Information Exchange Among Cells

Long-Distance Signaling

The binding of signal molecules to receptors elicits specific cell responses. Signals travel throughout the entire body, but only to target cells that have the appropriate receptors.

In order to communicate signals across the organism, some cells must be able to send information long distances. Long-distance signaling is a type of communication whereby a signaling molecule acts on a target cell far from the signaling cell. Long-distance signaling is also called endocrine signaling. A hormone is a chemical secreted by an endocrine gland that targets a particular cell to produce a response. Hormones are distributed by the bloodstream throughout the whole body. An endocrine cell, which is a cell that secretes a hormone, is the signaling cell in long-distance signaling. Hormones are able to find their target cells because of their high affinity, or tendency to bind, to their receptors. The target cell, which is a cell that responds to a specific signal molecule, for a given hormone has a receptor, a protein that binds to a specific extracellular signal molecule that then begins a cell response specific to that hormone.

When a hormone binds to a receptor, it forms a receptor-ligand complex. A ligand is any molecule that binds tightly and specifically to a receptor protein. In this case, the ligand is the signal molecule. The formation of the receptor-ligand complex causes a conformational change in the receptor, which in turn triggers a series of reactions that ends with the desired cell response. For example, epinephrine is a hormone produced in the adrenal glands, located superior to the kidneys. When an animal is under stress, the adrenal glands release epinephrine into the bloodstream. Muscle cells are target cells for epinephrine. When epinephrine binds to the receptors on muscle cells, the cells respond by increasing the breakdown of glycogen into glucose 1-phosphate, which provides energy to the muscle cells in the form of ATP, adenosine triphosphate.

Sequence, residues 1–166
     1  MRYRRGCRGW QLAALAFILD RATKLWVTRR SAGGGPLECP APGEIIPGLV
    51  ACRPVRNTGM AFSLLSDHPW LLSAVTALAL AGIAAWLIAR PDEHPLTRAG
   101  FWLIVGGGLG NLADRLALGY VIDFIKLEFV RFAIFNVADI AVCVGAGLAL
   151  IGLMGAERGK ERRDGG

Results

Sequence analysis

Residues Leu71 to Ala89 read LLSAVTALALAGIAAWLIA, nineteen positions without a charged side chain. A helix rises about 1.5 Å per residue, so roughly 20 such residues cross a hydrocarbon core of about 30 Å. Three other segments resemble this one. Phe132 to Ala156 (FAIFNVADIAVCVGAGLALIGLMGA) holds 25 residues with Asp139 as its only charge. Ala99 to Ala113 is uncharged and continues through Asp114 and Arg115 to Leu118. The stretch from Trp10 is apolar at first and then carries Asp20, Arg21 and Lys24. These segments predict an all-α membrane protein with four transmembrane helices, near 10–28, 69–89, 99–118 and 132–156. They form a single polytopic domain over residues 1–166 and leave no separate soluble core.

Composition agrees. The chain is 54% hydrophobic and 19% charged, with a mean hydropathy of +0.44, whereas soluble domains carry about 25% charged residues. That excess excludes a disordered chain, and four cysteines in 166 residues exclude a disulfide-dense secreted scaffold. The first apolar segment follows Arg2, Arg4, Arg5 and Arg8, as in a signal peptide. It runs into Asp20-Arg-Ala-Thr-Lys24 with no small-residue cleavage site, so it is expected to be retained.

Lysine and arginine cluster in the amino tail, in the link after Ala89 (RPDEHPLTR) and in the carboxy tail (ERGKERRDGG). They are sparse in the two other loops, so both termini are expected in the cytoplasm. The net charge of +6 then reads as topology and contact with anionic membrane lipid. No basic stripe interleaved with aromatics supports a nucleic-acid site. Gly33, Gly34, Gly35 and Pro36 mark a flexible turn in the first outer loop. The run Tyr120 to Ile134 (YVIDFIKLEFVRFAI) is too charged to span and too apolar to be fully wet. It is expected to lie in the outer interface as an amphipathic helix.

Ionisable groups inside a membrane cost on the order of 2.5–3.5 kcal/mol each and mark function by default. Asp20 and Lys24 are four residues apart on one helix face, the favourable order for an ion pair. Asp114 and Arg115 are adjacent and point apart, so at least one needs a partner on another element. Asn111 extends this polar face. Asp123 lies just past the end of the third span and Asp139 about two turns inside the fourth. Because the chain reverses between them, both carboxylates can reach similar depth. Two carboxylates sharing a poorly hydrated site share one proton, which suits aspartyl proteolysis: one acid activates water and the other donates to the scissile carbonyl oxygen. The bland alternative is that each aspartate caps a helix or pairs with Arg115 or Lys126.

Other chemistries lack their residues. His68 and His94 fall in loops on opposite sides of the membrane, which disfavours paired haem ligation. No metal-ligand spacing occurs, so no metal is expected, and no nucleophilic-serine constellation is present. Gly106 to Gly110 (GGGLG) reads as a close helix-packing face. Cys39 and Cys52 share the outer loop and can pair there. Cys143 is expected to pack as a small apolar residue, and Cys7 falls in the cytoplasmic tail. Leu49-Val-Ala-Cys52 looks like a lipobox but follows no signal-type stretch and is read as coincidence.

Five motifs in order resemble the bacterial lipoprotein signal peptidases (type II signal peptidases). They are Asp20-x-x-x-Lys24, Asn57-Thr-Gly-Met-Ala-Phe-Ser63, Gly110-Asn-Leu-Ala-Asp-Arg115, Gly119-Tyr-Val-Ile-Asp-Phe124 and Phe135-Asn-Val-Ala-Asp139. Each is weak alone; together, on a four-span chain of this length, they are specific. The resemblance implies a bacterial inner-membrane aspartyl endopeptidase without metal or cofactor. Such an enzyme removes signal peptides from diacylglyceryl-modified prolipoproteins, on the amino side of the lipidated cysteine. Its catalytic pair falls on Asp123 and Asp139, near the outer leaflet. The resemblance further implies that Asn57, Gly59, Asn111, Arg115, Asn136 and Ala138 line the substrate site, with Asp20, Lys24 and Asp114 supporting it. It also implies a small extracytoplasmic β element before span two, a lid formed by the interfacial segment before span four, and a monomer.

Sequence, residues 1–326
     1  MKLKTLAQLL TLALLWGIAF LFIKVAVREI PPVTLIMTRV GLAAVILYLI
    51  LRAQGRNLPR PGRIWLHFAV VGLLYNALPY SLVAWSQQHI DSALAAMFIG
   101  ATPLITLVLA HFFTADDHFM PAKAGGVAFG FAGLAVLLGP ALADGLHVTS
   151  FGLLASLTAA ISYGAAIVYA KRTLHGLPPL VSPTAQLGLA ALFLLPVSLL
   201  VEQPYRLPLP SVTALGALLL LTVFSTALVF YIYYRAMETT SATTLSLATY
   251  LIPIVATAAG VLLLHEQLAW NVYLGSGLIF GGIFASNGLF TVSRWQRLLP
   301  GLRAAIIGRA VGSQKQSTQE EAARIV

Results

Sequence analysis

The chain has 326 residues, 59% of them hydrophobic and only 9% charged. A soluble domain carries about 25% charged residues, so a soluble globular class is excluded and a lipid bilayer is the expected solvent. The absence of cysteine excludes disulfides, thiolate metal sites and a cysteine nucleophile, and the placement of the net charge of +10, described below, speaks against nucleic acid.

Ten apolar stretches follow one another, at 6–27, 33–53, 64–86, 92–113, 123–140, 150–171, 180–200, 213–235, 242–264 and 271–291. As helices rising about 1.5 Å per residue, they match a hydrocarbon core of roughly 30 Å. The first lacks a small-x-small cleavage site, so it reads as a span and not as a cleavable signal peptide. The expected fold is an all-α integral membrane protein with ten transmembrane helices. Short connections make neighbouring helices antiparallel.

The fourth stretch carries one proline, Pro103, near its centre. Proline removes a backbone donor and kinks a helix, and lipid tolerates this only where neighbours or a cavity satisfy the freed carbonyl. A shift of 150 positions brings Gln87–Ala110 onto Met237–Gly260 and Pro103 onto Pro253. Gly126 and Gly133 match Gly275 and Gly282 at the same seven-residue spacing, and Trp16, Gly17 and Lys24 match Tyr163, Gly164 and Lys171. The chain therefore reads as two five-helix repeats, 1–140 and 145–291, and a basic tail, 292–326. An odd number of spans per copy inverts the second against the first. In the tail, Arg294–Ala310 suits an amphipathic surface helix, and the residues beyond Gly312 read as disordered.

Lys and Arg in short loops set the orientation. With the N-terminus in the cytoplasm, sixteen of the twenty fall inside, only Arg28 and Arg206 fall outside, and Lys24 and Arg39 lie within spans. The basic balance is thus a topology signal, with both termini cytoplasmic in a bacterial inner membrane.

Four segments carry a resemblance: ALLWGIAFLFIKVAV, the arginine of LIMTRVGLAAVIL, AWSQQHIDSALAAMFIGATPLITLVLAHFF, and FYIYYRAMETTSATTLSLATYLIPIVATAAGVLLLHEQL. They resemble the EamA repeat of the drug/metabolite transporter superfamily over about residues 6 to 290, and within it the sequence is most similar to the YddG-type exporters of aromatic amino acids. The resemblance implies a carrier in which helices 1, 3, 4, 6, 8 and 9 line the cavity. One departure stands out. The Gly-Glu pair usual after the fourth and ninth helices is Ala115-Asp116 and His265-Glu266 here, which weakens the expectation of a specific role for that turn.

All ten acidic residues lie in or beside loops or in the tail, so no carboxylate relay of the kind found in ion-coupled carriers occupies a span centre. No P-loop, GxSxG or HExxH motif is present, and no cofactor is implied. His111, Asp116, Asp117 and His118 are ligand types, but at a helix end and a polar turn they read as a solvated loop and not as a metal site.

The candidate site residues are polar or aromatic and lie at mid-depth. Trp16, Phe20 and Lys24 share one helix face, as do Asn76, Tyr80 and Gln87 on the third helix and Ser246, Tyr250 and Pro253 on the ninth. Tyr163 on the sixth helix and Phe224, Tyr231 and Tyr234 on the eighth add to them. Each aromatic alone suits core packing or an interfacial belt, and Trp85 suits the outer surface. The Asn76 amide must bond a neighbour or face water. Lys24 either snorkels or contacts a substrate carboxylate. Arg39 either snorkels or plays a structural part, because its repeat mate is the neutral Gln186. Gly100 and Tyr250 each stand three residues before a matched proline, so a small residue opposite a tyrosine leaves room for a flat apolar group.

Long-Distance and Synaptic Signaling

In long-distance signaling, endocrine cells release hormones into the bloodstream that travel to target cells. In synaptic signaling, neurons release neurotransmitters close to the target cell.
Another way the body can transmit signals over distances is with specialized cells. Neurons are specialized cells in the body that are made of a cell body from which protrude dendrites and one long axon that can be up to 1 meter long. The ends of a neuron contain chemicals called neurotransmitters; a neurotransmitter is a small signaling molecule secreted by a presynaptic neuron. The junction at which a neuron meets a target cell is called a synapse. Nerve-cell signaling is called neuronal signaling, or transmission of signals by nerve cells at a synapse, also called synaptic signaling. Some neuronal signaling cascades involve chains of many neurons signaling each other, but some neurotransmitters are able to travel to locations far from the cell body of the neuron because the axons of a neuron can be very long, such as the distance from the spinal cord to a toe.

Note that this type of signaling is in contrast to long-distance, or endocrine, signaling, because neurotransmitters are not carried by the bloodstream. Instead, the bulk of the signaling mechanism occurs by means of electrical impulses along the nerve cell. It is not until the neurotransmitter is released from the end of the neuron that it must diffuse between the end of the nerve cell and the membrane of the target cell, a distance of 20 to 40 nanometers. In synaptic signaling, neurons, which are long cells, release neurotransmitters close to the target cell.